Wednesday, 24 January 2018

Effective digital marketing campaigns for charities (or anyone else!)


So, what is your campaign aim? Whether it’s to achieve a certain fundraising target, improve your site’s authority, drive increased traffic to your site, or boost followers on your social media accounts; anything is achievable. Just ensure that everyone on the campaign is moving towards the same goal and make your objectives precise, measurable and realistic


You need to understand your audience and be aware of social and economic factors that might affect them engaging with your campaign.

Create a typical target audience member. You can find out interests, likes and motivations using your website’s analytics, as well as they’re typical gender, age and location. Who’s following your organisation on Twitter, Facebook and Instagram? These are also people who might engage with your campaign.


Also, you should utilise social media, such as Facebook and Twitter, to find out which posts/Tweets get likes and which don’t — this also lets you know what content might work in your campaign. Also, don’t forget to make the most your email list. Fire off a survey to these contacts for a better understanding of who they are.

Be aware however of GDPR and whether you have agreement to fire off a survey to these contacts, otherwise you may be better to simply host a survey and let people volunteer to complete it.


What do you want people to think about after you’ve launched your campaign? In other words, what do you want people to associate with your charity and what it does? This differs from your campaign goal, as it’s more to do with: the issue you want to solve, the answer that you propose and the action the audience can take.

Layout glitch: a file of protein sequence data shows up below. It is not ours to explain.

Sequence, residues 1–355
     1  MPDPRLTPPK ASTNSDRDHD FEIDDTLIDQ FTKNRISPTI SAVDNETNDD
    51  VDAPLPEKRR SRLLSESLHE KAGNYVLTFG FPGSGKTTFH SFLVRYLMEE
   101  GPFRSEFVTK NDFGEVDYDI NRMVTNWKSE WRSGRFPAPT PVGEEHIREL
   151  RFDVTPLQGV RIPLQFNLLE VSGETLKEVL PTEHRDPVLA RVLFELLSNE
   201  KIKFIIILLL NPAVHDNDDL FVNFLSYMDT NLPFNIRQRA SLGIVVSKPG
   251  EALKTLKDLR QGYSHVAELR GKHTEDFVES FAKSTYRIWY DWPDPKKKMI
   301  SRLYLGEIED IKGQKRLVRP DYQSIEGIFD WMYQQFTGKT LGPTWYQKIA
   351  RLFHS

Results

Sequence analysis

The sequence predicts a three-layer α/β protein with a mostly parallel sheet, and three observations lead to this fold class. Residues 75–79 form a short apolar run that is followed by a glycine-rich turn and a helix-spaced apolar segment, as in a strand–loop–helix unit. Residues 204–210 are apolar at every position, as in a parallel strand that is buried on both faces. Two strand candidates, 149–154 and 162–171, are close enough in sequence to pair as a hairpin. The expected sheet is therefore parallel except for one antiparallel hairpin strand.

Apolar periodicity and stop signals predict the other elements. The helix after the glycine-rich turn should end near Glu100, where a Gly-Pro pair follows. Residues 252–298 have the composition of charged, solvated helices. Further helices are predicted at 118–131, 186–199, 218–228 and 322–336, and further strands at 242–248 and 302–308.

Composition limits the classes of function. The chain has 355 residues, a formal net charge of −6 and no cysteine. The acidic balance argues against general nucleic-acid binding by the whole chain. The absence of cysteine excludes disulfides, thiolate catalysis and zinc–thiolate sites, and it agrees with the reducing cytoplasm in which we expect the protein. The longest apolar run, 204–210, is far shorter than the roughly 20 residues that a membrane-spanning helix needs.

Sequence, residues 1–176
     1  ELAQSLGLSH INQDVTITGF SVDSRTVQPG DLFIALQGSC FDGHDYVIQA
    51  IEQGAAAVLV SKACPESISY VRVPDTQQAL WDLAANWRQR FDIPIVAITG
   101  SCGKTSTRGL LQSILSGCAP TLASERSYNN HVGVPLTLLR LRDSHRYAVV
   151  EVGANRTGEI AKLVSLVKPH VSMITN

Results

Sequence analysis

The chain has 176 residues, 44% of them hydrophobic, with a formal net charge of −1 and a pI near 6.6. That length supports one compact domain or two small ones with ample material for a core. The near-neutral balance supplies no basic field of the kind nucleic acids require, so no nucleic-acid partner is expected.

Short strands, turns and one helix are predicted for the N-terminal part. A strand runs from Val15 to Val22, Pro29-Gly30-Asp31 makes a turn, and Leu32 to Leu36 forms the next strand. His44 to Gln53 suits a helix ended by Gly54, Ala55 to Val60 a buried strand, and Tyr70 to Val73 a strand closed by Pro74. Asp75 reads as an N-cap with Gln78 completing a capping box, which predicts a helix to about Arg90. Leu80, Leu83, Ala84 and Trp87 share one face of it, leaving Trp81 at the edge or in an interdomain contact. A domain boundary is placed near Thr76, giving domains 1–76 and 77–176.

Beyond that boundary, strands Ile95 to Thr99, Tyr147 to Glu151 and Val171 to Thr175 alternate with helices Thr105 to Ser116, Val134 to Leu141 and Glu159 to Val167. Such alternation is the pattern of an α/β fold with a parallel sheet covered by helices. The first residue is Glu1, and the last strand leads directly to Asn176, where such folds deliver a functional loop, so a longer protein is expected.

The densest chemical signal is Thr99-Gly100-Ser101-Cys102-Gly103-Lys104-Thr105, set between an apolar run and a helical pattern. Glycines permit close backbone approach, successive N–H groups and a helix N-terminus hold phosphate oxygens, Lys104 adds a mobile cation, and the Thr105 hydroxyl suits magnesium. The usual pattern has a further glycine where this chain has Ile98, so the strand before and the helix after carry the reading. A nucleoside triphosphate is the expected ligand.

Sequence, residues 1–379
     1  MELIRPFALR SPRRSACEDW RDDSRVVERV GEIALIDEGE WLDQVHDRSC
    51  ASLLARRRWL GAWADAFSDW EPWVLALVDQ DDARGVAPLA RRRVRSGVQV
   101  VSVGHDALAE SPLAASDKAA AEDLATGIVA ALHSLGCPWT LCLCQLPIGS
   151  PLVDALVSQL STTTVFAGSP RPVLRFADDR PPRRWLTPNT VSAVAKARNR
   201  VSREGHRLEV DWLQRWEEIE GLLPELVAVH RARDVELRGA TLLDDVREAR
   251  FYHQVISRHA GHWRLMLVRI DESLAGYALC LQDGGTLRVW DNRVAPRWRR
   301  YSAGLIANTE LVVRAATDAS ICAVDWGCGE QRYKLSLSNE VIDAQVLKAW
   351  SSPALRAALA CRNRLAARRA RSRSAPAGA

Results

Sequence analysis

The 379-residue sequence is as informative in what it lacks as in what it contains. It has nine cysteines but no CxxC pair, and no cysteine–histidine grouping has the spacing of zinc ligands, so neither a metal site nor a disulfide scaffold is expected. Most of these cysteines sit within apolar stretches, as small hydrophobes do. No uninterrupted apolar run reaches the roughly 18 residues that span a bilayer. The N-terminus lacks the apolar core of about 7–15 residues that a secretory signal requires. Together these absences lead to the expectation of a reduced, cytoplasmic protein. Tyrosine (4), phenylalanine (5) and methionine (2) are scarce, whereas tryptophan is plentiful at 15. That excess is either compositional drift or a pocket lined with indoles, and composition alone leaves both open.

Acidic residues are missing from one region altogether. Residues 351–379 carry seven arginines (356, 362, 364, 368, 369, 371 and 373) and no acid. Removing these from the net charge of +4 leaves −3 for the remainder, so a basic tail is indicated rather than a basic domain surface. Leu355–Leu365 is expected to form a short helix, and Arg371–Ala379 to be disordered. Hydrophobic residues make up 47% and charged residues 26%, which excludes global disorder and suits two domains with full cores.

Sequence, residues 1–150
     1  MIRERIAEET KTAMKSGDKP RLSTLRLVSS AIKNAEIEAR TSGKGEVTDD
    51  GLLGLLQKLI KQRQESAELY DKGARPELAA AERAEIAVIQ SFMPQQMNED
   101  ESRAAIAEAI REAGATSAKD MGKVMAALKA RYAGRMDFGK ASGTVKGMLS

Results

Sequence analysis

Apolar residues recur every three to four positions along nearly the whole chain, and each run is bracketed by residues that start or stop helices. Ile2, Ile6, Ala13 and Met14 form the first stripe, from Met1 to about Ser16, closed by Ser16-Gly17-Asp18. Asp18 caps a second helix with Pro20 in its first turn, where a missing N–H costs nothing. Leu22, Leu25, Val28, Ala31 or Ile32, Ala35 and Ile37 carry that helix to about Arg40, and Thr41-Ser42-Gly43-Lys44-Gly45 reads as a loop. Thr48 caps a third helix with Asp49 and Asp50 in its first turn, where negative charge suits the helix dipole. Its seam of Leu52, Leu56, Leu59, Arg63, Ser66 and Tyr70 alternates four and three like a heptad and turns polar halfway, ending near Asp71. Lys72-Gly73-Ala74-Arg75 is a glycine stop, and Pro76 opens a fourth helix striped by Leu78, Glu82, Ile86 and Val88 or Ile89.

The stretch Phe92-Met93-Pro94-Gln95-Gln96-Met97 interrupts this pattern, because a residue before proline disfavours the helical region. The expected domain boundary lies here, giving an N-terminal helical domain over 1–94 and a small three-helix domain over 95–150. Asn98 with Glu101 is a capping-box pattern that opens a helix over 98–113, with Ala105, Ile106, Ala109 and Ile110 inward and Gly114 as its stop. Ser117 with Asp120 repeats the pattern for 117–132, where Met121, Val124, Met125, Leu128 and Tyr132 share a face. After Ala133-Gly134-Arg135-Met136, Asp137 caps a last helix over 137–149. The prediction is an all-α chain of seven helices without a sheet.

You don’t want people to forget who you are, so your campaign needs to be special to your organisation.

Use Instagram and Facebook to get quality images of your charity at work out there. You can even use the photos on roll-up banners and place these in busy public spaces. Record interviews, upload pictures, create memes, and even do a ‘day-in-the-life-of’ detailing a colleague or recent beneficiary of your charity and upload this to YouTube. After all, showing people what your charity can do is far more effective than just telling them.

There’s no better way to reach a lot of people in very little time for free than social media. Use your charity’s online platforms —Twitter, Facebook and Instagram — to boost your campaign and encourage people to share your posts, videos, photos and Tweets.

Although digital marketing is highly effective when your aim is to create a campaign on a budget, you can also use some print marketing materials in order to engage with audience members that aren’t active online.


Experts predict a sizeable shift towards video content as a form of marketing, socialising and engaging online. If that’s the case, why not get ahead of the game and start creating plenty of video content to push your campaign today? Aside from being a faster and easier way for the public to engage with your campaign material, video and image content is also free to capture using a smartphone!

Just remember, that powerful images and insightful videos can only do so much. You must merge these with strong, emotive and informative copy to support them. Content online varies from words you’d read in a book or in a magazine, so you need to be aware of the differences to maximise on its potential. Online content needs to be punchy, short and powerful.

Although you might be dealing with hard-hitting issues, digital copy must retain a chatty, familiar tone at all times. A light-hearted persona is key if you want people to carry on reading — nobody wants a lecture when they’re scrolling through Twitter or reading their emails during a break.

Achieving your marketing potential using digital tactics is a tough, but reachable goal. If your charity has little cash to spare, follow these digital marketing tips to help cut the costs of creating a successful campaign.


There is some god guidance on the dos and donts of Data Protection and digital marketing here


Tim Rogers is a Qualified Change Practitioner and PRINCE2 Project Manager, with an MBA in Management Consultancy. Past projects have included the incorporation of Ports of Jersey and Operations Change and Sales Support for RBSI and NatWest. He is a tutor/lecturer for the Chartered Management Institute. 

+447797762051 Skype: timhjrogers

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